Social Housing Should Win Prizes

Originally published on tribunemag.co.uk. Written with Lev Bratishenko.

Since 1996, the Stirling Prize has been awarded annually by the Royal Institute of British Architects (RIBA) to the building by a British architect that has made ‘the greatest contribution to the evolution of architecture’. The Stirling is British architecture’s equivalent of the Booker or Best Picture, an annual ritual performed in public when the shifting values of the industry are distilled into a single work. This publicity is of particular significance for architecture which, unlike cinema or literature, gets popular attention more often due to scandals like the Garden Bridge or disasters like Grenfell.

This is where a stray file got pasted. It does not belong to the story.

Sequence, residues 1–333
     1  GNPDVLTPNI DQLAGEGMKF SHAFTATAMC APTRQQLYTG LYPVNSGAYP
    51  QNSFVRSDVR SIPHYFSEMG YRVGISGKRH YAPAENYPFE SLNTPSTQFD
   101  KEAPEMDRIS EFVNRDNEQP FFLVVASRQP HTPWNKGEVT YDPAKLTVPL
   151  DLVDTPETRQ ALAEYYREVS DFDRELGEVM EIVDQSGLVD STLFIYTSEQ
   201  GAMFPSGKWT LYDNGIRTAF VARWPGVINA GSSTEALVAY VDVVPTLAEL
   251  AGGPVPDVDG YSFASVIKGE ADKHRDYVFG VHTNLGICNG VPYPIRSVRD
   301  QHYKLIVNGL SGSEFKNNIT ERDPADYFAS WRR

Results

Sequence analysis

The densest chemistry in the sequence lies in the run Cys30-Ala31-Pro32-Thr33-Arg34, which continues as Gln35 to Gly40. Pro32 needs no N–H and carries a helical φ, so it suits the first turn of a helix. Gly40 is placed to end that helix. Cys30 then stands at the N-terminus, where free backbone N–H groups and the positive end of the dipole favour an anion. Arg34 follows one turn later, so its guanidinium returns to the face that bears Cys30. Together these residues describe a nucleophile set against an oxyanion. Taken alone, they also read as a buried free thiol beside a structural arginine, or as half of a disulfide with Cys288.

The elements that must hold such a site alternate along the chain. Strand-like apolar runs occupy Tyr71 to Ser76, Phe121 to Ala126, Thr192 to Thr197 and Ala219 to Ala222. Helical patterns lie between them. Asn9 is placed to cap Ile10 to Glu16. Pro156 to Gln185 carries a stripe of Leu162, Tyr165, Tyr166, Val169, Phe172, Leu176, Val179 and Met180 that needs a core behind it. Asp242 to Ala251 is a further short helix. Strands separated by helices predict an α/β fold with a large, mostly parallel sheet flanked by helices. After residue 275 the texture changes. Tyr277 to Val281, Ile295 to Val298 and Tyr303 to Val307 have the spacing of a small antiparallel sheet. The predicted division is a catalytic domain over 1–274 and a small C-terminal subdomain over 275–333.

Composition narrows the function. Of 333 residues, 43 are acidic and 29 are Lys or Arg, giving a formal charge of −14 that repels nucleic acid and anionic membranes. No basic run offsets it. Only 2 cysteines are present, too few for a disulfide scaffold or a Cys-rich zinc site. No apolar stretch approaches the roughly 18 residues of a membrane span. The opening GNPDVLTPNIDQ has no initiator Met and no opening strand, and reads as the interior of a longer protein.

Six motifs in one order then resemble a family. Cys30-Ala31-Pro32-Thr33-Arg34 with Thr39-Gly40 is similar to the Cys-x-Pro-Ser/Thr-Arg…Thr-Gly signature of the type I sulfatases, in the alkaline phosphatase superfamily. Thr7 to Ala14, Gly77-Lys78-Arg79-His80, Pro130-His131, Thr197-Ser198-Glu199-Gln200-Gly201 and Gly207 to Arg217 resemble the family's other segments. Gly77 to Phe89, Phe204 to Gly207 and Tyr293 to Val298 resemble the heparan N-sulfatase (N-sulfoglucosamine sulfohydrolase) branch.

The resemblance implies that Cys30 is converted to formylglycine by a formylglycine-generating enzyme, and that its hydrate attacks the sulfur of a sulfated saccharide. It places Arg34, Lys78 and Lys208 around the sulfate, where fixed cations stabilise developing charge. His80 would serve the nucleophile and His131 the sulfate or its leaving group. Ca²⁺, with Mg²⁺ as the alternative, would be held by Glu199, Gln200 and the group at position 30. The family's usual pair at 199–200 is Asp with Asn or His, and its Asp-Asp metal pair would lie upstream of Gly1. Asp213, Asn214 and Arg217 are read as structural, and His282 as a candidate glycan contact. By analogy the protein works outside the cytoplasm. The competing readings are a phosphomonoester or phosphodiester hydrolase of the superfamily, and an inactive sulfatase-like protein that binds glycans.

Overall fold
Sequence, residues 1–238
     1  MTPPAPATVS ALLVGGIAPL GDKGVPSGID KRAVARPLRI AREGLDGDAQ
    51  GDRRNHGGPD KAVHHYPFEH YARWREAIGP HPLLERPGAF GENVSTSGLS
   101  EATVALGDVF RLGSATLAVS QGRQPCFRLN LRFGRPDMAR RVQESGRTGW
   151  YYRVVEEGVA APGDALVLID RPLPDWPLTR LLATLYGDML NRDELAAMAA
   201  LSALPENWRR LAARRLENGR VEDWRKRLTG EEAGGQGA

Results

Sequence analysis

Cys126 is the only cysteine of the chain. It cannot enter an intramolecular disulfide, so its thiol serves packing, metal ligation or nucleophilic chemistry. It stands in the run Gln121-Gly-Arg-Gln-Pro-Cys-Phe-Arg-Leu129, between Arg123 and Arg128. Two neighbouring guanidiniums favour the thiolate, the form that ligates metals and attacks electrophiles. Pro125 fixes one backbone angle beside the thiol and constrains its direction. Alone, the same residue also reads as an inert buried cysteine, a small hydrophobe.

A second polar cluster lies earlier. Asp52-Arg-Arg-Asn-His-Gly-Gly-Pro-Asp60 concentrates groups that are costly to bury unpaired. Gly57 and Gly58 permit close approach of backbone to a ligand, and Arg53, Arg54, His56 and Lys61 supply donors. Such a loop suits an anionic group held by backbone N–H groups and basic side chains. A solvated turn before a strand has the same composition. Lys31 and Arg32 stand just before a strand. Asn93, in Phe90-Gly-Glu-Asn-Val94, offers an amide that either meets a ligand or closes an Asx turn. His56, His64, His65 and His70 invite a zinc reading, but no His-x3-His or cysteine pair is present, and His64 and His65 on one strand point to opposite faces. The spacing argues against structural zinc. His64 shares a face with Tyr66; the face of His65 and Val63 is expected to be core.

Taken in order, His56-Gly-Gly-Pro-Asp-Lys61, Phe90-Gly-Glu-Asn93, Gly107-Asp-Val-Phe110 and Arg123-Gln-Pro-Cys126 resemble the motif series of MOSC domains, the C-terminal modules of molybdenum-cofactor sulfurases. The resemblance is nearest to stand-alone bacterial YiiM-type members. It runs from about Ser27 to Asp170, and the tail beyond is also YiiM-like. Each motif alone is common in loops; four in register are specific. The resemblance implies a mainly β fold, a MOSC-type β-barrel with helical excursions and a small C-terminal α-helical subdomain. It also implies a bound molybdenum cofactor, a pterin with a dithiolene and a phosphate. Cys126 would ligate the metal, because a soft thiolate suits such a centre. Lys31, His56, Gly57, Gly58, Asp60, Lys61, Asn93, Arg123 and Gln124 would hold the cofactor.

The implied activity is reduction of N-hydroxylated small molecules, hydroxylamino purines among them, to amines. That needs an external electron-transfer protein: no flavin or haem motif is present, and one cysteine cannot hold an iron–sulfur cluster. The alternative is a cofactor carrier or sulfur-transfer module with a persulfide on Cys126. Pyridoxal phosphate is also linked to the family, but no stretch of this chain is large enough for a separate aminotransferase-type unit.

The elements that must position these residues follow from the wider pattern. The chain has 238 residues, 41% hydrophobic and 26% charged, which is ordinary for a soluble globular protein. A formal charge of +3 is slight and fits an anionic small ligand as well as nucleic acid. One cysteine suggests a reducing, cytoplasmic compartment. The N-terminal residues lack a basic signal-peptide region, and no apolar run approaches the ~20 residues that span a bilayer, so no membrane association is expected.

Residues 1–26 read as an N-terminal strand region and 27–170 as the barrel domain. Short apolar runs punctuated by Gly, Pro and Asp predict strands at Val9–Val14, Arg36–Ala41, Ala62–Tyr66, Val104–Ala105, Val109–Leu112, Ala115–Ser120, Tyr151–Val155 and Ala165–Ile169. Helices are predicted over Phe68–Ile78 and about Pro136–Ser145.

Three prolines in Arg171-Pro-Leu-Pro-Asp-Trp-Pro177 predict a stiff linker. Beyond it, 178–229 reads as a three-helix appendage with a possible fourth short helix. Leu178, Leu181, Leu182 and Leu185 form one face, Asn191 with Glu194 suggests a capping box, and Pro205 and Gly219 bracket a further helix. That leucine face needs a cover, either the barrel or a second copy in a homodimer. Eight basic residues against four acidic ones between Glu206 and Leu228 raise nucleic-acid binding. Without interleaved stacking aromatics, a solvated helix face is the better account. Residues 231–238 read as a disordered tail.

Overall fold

The Stirling, whose ceremony was sufficiently appealing to be broadcast on national TV until 2011, is generally won by photogenic public-facing buildings with large budgets: museums, galleries and theatres do well; the Gherkin won in 2004. However, in 2019, something unusual happened. The Stirling was won by a social housing project in Norwich…

Originally published on tribunemag.co.uk. Written with Lev Bratishenko.

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